By Francis Miers, Director, Automation Consultants
If you are a programme or portfolio manager, you could easily find yourself juggling several large software projects at the same time. In large organisations, these can involve thousands of team members, making it highly challenging and complex. Being successful at managing multiple projects requires additional skills and tools compared to what is required for managing a single project at a time.
Experiment with the ‘what’, find what works
A large bank, for example, may have a significant number of developers and testers working on various projects across the organisation. Aligning all these activities with the institution’s overall objectives can be difficult and time-consuming. For example, let’s assume the executive team has set a goal of attracting more customers who open current accounts. Which type of IT investment will support this goal the most? Should the aim be to step up marketing efforts, or developing more efficient back-office processing or user features such as a card freezing app?
A portfolio manager may perhaps rely on personal experience and intuition to determine which investments would most likely produce the desired result, but unless there is some evidence to support one option or another, reliance on intuition could be just too much of a risk. At such a macro level, tracking a mass of project data, such as releases or story points, will not offer much guidance on how to increase the number of current accounts opened.
Often, the only way to find evidence to support a set of different hypotheses it to test them to see which one yields the best results. This exercise should inform managers in which IT areas to invest to have the best chance of achieving the organisation’s strategic goals. In testing hypotheses, or working on a strategy that has been settled on (preferably having previously generated some evidence to support it), it is important to work out at a lower level how best to maximise investment efficiency, maximise completed useful projects per month, and per pound spend.
Establish reporting consistency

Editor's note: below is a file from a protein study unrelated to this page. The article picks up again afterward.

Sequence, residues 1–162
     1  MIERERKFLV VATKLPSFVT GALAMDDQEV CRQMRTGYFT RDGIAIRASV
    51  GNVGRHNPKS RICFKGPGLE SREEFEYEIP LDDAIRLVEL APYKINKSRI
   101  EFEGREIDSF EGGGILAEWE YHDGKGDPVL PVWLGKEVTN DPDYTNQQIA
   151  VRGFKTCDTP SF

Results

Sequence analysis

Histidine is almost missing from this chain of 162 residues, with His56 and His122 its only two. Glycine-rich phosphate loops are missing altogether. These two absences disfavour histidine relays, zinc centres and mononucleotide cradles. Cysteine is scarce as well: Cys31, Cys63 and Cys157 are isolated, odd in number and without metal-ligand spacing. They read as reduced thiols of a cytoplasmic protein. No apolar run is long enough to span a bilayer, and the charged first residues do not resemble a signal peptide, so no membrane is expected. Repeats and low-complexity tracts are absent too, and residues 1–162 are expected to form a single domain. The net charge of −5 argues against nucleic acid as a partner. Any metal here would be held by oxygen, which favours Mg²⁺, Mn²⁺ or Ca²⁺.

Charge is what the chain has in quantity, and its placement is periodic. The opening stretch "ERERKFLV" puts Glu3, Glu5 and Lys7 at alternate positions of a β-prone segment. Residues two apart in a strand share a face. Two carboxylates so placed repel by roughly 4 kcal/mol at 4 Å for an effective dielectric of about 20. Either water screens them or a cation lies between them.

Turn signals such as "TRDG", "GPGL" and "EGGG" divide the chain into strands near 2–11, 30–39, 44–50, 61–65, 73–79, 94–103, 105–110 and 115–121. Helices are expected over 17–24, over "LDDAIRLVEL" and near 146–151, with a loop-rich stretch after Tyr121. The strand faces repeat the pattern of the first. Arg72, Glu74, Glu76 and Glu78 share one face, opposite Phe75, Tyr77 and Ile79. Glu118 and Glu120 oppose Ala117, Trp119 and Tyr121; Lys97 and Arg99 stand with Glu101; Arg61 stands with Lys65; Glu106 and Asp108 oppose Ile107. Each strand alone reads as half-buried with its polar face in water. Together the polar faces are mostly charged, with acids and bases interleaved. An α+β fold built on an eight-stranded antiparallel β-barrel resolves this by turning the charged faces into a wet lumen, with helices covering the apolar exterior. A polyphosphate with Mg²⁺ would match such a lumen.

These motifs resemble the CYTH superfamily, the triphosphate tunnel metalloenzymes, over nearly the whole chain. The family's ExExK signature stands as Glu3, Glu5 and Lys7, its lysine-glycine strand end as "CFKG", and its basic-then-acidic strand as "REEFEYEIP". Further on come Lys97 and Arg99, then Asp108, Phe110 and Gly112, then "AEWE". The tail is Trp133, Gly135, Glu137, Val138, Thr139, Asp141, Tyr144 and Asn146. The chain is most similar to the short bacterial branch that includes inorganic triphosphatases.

One of the first questions to ask when managing multiple software and IT projects is: How should I assess the investment of money and resources against the benefits for the business? Even when working at the division or business unit level, rather than that of the whole enterprise, scale can still be a major challenge. Each project will most likely have an autonomous team with its own manager, sub-team manager and team members. To enable meaningful reporting, however, there has to be a degree of consistency throughout the organisation, especially in the ways in which progress is documented.
When you present multiple projects to executives or clients, you don’t want to spend time retraining the audience on how to interpret each report separately. You want a simple, standard report format that you can explain once, and then apply across the board.
There is a balance to be struck, though: while a degree of standardisation is essential for consistent reporting, too much standardisation can stifle initiative and creativity within the teams. Your project management tools must be configured to ensure enough standardisation to permit consistent reporting, and allow enough freedom for the project teams to customise their projects to fit their working methods and maximise productivity.
Use project portfolio management tools
With these tools, you can collect and consolidate data about your projects in order to manage risks, resources, timelines, budgets and more. They enable releases to be coordinated across projects, and resources to be allocated to different projects when needed. For instance, if one project in a portfolio is forecast to finish after a planned release date, the tools can model resource allocation such that resources are reallocated to the lagging project – without delaying other projects beyond the release date (if such an allocation is possible).